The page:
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Red Sea community goes green for a week

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El Gouna residents focus on the four elements and how to preserve and conserve them through awareness and active community participation

The teams of El Gouna residents and businesses during their recycled raft race in one of the lagoons

The teams of El Gouna residents and businesses during their recycled raft race in one of the lagoons

Earth Day has been celebrated in towns all along the Red Sea coast for many years. Most businesses in these locations depend on the natural beauty that surrounds them, both on land and underwater, to attract the tourists that sustain their livelihoods. Beach and underwater cleanups, paired with raising awareness for conservation, have been organised by the communities that live in the towns every year on 22 April, but this year one community went a step further.

El Gouna, located 25km north of Hurghada, staged Green Festival: Earth Week, a full week of activities to raise awareness culminating in the more traditional beach and underwater clean up on 22 April. The week was the idea of a group of residents who decided it was time for a new approach to Earth Day activities, since the traditional underwater and beach clean-up events were not getting the same amount of community support as before. The decision was made to create a longer event with different options so people could choose the ones they wanted to participate in. The initiative garnered a following and got the support of the town’s administration, resulting in a weeklong series of activities and events.

The week started with an informative evening about water and water management in desert environments on the Technical University of Berlin’s campus in El Gouna by the students of the Masters programme in water engineering. Other days featured activities like a visit to the nearby waste management and recycling plant, where some of the separated garbage is compressed and sent to other plants but several products are produced; all the garbage bags that are used in El Gouna for instance are made in the recycling plant.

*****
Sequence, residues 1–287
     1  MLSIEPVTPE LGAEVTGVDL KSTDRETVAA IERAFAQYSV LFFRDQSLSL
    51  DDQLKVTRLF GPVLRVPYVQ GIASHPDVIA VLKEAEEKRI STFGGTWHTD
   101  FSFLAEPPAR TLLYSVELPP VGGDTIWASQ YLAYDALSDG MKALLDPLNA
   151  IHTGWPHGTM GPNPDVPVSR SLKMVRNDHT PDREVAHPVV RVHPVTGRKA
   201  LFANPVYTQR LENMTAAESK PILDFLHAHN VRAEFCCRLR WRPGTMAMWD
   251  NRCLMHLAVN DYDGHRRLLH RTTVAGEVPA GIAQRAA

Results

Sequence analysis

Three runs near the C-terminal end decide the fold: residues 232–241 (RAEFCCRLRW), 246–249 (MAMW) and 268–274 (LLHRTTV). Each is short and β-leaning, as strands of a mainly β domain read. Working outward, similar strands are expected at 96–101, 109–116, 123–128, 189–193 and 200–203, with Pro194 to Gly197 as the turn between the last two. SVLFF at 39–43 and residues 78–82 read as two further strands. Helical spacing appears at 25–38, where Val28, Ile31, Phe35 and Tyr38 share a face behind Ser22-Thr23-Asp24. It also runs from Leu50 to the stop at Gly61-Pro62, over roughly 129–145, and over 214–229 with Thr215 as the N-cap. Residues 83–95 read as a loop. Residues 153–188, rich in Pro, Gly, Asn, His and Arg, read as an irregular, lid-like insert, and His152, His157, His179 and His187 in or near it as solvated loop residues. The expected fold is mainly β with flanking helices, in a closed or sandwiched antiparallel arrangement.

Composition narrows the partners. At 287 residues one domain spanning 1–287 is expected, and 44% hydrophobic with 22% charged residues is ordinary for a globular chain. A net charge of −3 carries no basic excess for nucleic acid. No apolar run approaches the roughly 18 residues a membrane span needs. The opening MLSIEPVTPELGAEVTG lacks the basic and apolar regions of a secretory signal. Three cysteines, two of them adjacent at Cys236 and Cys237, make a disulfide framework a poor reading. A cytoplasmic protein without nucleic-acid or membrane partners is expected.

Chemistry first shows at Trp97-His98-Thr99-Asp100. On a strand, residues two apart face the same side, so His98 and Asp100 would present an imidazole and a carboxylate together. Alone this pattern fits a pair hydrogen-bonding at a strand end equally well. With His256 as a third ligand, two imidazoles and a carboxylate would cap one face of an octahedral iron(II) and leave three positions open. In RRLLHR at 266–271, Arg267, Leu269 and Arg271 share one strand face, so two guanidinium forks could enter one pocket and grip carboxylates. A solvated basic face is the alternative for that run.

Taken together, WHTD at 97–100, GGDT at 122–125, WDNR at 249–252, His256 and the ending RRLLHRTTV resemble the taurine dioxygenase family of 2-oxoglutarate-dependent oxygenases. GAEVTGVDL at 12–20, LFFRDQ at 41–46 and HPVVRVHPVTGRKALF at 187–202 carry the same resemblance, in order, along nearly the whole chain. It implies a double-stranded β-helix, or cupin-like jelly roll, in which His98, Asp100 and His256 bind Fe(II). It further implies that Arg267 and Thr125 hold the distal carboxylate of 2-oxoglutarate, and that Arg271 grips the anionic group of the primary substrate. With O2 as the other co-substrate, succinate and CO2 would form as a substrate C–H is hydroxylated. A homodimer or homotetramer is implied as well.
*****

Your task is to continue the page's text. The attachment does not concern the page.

Another day urged the residents to leave their cars at home, one of the main bus lines through the town was for free on that day, and to not use air-conditions with the town’s electricity department monitoring the usage to compare it with other days. There was a day to plant trees and a children’s art project where recycled material was used to create art.

Last Friday the Whatever Floats Your Boat event brought the El Gouna community together on the beach of one of the local restaurants, The Club House, for a recycled raft race. Resident Mia Ayoub had competed in a race like this before and thought it would be a great idea to organise one as part of Earth Week. “The idea was simple; get a team together and build a raft from recycled material and race as fast as you can,” Ayoub said. On Friday the beach was filled with large and small blue plastic barrels, empty water bottles, pieces of wood and eight teams ready to get to work.

“The environmental manager of El Gouna, Mark Michel, was really helpful,” Ayoub said. “We went to the recycling plant together and selected all the things we could possibly need to build the rafts.” Big rolls of plastic rope, produced by the plant, were on hand to tie all the pieces together and after a few hours of work in the sun the rafts were ready to be put in the water of the lagoon.

Amid cheers of encouragement from spectators the participants raced as fast as they could, but sadly some of the rafts did not make it very far, including the one constructed by Ayoub. “We barely made it off the beach,” she said laughing. “But who cares, it was a great community event.”

El Gouna’s Green Festival Earth Week will end with an underwater and beach cleanup on and around Tawila Island and a beach clean-up of three kilometres of beach north of El Gouna on 22 April.

About the author

Adel Heine

Adel Heine

DNE Art & Culture, and Lifestyle Editor


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